Aeronautics
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Using Trigonometry to Determine Distances and Angles

Trigonometry involves ratios of numbers. The numbers from basic trigonometry represent sides of right triangles. There are three ratios to memorize with the term "SOH-CAH-TOA."

SOH represents S = O / H or sine (angle) = opposite / hypotenuse
CAH represents C = A / H or cosine (angle) = adjacent / hypotenuse
TOA represents T = O / A or tangent (angle) = opposite / adjacent

Opposite and adjacent vary, depending upon the reference angle chosen. For instance, in the triangle below, side A is adjacent (touching) angle M, and side B is opposite (not touching) angle M. Side A is opposite angle Q, while side B is adjacent to it.

Graphic of an hypotenuse



To solve any trigonometry problem, you should:

  1. draw a right triangle and label all known parts.
  2. determine which ratio is appropriate for known side lengths
  3. write an equation with one variable
  4. solve the equation with the help of a chart or calculator
  5. check to be sure your answer makes sense
Example 1
Graphic 
of a right triangle

If you wanted to solve for angle x, above, and only want to use the side lengths provided, you would determine that the tangent ratio is best for this problem, because only adjacent (10) and opposite (9) values are given. tan (x) = 9/10 or tan(x) = 0.9.
With a chart or a calculator's tan -1 button, I find that the angle that satisfies the equation is approximately 42 degrees. This makes sense, as the triangle is almost isosceles, which would reveal a 45-degree angle.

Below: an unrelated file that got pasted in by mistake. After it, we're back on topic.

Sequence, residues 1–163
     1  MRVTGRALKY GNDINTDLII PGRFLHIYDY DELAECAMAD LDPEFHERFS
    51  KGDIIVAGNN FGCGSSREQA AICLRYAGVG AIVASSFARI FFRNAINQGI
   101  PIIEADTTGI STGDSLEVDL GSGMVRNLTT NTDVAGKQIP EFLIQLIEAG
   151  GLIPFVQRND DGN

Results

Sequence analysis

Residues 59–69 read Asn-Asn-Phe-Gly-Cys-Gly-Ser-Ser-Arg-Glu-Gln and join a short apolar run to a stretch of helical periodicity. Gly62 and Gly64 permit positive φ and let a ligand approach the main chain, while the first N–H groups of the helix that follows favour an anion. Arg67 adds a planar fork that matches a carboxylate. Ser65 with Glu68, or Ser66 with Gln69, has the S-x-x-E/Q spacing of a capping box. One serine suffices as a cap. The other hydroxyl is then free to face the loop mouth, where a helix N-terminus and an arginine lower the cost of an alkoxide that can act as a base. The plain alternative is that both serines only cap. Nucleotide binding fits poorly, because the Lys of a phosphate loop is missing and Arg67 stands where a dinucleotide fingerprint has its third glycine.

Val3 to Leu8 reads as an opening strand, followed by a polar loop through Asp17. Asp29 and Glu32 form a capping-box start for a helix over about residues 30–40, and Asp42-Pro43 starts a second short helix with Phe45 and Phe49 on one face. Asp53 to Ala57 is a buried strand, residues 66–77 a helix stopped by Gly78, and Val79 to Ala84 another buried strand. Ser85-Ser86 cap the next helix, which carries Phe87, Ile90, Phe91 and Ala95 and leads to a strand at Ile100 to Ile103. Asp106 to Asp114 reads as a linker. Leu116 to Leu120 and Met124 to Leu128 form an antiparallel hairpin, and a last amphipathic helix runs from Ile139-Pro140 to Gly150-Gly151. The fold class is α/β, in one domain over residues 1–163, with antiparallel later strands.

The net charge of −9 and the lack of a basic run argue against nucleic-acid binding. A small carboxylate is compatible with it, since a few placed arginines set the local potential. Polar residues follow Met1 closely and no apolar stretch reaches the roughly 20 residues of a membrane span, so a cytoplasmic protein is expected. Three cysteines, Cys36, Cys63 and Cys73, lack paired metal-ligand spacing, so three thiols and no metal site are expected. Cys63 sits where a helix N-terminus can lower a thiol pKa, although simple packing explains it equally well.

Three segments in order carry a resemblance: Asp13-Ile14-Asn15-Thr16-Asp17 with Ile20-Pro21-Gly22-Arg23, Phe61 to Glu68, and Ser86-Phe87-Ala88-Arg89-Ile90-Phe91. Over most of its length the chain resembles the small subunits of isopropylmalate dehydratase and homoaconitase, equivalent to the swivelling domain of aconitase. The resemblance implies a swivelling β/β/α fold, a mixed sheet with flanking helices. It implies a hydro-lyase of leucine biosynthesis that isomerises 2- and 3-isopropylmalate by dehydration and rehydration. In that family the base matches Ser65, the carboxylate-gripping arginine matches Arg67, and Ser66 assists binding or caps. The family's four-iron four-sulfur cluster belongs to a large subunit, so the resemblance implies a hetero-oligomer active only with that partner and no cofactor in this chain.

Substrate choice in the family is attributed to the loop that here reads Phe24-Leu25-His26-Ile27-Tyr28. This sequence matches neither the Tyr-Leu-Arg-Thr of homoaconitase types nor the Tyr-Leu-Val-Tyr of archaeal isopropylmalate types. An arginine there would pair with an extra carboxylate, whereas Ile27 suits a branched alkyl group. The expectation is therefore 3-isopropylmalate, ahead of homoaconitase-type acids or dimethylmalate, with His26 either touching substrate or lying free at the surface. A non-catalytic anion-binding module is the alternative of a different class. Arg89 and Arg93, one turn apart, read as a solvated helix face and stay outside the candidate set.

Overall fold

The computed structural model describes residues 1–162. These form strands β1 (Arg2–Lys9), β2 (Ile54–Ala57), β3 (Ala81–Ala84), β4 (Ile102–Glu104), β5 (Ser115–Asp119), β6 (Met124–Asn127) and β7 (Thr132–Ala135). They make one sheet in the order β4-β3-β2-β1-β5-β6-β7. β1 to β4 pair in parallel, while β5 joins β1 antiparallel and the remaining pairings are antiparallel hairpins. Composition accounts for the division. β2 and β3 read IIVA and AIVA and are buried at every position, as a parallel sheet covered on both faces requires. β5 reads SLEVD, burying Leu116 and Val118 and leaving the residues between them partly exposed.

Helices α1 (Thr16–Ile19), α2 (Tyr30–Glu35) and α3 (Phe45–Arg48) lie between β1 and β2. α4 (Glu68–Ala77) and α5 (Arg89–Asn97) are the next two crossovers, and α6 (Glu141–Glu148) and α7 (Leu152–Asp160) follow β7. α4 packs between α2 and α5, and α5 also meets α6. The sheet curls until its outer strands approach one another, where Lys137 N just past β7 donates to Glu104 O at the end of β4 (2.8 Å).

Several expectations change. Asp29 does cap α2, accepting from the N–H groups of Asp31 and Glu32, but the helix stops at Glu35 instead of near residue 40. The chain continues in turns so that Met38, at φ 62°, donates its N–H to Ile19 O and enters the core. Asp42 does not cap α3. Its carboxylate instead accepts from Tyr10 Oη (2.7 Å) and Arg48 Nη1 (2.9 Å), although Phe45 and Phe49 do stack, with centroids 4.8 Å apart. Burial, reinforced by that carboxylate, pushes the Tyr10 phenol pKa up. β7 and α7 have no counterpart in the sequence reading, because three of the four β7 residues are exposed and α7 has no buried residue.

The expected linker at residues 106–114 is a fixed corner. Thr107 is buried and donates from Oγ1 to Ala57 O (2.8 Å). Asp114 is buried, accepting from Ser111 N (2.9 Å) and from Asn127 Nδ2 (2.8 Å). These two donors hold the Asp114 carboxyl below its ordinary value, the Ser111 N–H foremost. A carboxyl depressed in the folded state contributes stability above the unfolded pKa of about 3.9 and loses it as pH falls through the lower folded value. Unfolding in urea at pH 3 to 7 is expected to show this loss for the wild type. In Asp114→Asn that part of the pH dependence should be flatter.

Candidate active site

Example 2
Graphic 
of a right triangle

In example 2, hypotenuse and opposite sides are given, so sine will be used. sin (20) = 8 / y Using a chart or the sin button on a calculator, sin(20) is found to be 0.3420. That makes the original equation the same as 0.3420 = 8 / y or 0.3420y = 8. Therefore, y equals about 23.3918. This answer seems reasonable, as the hypotenuse must be over twice as long as the shortest leg (8). It would be 16 if the angle was 60 (30-60-90 Theorem).

Example 3: When you fly your kite, you will be able to physically measure the angle at which the kite is flying and the length of the string, but will not be able to measure its height without trigonometry.

Graphic 
of a triangle

Here is an example of what you may have to work with:
You are flying your kite at a 63-degree angle of elevation (relative to the horizon), and have 132 feet of kite string out. How high is your kite above he ground, if you are holding the string 3 feet off of the ground?

To solve, first draw the picture:

90 - 63 = 27, which is the angle inside the triangle, where the person is standing. This will be the angle we will use in our equation. Hypotenuse and adjacent are to be used, so we will be working with cosine. cos (27) = x/132 or 0.8910 = x/132 or x = 117.6120. This makes sense, as the height should be less than the hypotenuse and a little more than square root (3)/2 times the hypotenuse (theheight for a 30-60-90 triangle). Since the right triangle formed by the string and the height of the kite is held 3 feet off the ground, you must add that amount to the height you calculated. 117.6120 + 3 = 120.6120 feet.

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